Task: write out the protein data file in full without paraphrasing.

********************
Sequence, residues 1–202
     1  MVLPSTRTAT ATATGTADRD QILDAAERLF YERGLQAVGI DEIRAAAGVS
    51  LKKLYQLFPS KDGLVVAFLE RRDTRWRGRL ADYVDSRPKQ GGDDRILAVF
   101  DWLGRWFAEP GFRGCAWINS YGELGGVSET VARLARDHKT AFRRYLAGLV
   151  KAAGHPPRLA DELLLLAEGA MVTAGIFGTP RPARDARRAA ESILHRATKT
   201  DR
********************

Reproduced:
Sequence, residues 1–202
     1  MVLPSTRTAT ATATGTADRD QILDAAERLF YERGLQAVGI DEIRAAAGVS
    51  LKKLYQLFPS KDGLVVAFLE RRDTRWRGRL ADYVDSRPKQ GGDDRILAVF
   101  DWLGRWFAEP GFRGCAWINS YGELGGVSET VARLARDHKT AFRRYLAGLV
   151  KAAGHPPRLA DELLLLAEGA MVTAGIFGTP RPARDARRAA ESILHRATKT
   201  DR